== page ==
The reading and literacy activities featured below provide a fun and simple way to teach children how to read.

Nightly Journal (Language skills)
Preschool to grade 1
This one is for parents: When your child has mastered all the letters of the alphabet and has a good grip on phonics, get a wide lined spiral notebook.  Each night before bed, sit with them and have them dictate to you a few short sentences about their day.  Record their words in the journal, saying each word as you write it out in front of them.  When finished, take their finger and read back through the entry, pointing to each word as you read it. Not only will this do leaps and bounds for their literacy, but it makes a sentimental keepsake for later years.  By recording the days and dates for each entry, it’s also a good way to work on calendar concepts.

Type Writing
Try to find 2 or 3 old style typewriters; the kind that actually punch the letter as you type it.  (Check at garage sales or second hand stores to find them; they shouldn’t be very expensive.)  Set the typewriter on a table with an assortment of word flashcards, childrens books, and paper. Have kids put the paper in they machine and then type various words or sentences from the book.  Young children will be fascinated by the machines and enjoy seeing a letter magically appear on the paper as they press a key.  It,s a great way to get kids excited about words and literacy.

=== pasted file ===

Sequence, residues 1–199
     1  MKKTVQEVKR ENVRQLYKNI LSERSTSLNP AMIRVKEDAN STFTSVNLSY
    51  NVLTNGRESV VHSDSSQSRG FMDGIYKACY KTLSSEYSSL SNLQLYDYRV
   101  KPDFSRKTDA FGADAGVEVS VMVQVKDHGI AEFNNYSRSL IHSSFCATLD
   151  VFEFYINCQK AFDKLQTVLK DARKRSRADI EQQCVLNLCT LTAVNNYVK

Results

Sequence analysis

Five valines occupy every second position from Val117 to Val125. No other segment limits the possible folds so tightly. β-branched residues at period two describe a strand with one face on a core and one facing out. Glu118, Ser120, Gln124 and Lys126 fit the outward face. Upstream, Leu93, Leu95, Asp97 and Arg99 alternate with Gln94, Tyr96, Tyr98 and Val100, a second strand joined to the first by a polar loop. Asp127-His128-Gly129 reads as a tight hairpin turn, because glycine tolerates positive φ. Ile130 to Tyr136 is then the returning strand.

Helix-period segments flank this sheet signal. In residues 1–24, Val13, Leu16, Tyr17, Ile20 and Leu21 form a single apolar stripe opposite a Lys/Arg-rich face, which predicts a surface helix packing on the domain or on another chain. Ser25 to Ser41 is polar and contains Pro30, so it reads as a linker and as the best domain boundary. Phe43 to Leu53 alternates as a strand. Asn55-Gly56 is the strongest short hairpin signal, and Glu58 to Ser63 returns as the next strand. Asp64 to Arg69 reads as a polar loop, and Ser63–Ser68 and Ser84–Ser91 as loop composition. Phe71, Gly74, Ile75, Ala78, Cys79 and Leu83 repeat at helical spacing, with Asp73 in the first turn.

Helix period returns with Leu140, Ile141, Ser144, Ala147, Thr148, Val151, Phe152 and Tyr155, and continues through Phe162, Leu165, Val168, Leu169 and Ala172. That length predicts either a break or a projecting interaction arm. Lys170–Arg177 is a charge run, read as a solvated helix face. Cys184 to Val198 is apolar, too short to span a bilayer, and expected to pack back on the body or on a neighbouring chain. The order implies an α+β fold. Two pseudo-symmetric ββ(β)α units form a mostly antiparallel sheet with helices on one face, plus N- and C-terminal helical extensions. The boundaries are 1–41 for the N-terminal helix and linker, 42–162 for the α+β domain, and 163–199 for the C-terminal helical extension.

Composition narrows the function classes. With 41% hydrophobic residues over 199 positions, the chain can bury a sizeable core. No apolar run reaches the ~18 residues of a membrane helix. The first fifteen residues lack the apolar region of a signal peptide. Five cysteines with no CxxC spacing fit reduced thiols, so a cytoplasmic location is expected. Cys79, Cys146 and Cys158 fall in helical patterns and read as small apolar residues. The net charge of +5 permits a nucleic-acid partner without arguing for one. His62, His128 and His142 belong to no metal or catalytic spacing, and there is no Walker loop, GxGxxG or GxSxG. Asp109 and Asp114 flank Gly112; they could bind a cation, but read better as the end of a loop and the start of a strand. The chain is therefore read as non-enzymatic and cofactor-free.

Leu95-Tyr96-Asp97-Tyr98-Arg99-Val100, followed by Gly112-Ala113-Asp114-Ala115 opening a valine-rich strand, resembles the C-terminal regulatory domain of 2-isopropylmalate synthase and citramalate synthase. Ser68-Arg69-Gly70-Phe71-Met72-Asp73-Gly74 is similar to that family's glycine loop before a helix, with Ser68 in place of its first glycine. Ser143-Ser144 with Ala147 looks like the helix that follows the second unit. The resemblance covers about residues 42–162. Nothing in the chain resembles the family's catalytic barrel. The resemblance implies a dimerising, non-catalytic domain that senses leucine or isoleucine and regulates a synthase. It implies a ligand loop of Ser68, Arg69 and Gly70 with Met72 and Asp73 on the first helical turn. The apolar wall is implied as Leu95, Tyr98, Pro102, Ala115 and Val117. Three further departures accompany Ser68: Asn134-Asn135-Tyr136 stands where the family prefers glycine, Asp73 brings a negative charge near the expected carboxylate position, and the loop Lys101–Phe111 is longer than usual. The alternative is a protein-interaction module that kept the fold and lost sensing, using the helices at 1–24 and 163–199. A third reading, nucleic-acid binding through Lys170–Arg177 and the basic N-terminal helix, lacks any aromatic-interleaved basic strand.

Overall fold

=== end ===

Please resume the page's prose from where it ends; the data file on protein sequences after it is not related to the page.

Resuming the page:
In facts, many teachers choose to make the typewriter a permamet fixture of their classroom.  You can . . .

  • Have kids type a label on the pictures they draw.
  • Type sentences on a page when creating storybooks.
  • Mess around in free play typing words whenever they’d like, just as described above.
  • Use the typewriter to type their names on papers and worksheets.


Letter Swap (Group)
Kindergarten & First Grade
This is a good game to play when kids are just starting to learn to read.  Pick a common suffix that consists of tow or three letters.  For example: At, and, ith, ood, am, in, and so forth.  Write the suffix on your board with a blank letter space at the beginning, so the it looks like this:

_ood or _ith

Then have kids shout out letters they want to stick in the blank spot to try and create a word.  For example, you could write an A to make aood, which is a non sensical word.   But an F or an M would make food and mood.

Give a little cheer each time kids get a correct match, and look perplexed and confused when it makes something silly: “aood aood? What the heck is an aood?  There’s no word aood. Do you know what an aood is?”  You can even invite them to invent definitions for the crazy words you create.  If you get silly and animated, kids will enjoy this activity so much they won’t even realize they are learning.

Keep the same suffix for at least 5 or 6 letter suggestions before moving onto another.  The point of this exorcise is to give them practice reading words that sound alike or have the same structure, such as cat, hat, pat, mat, fat, sat; or Pam, dam, jam, ham, fan, and so forth.

Once they get the hang of it, you can also do the same thing with prefixes, giving kids a prefix and having them suggest the last letter of the word, such as goo_, to make words like goof, goon, goop, good, and so forth.  If you make it fun and silly you can do this activity every day without kids getting bored, and this will go a long way toward developing their early literacy skills.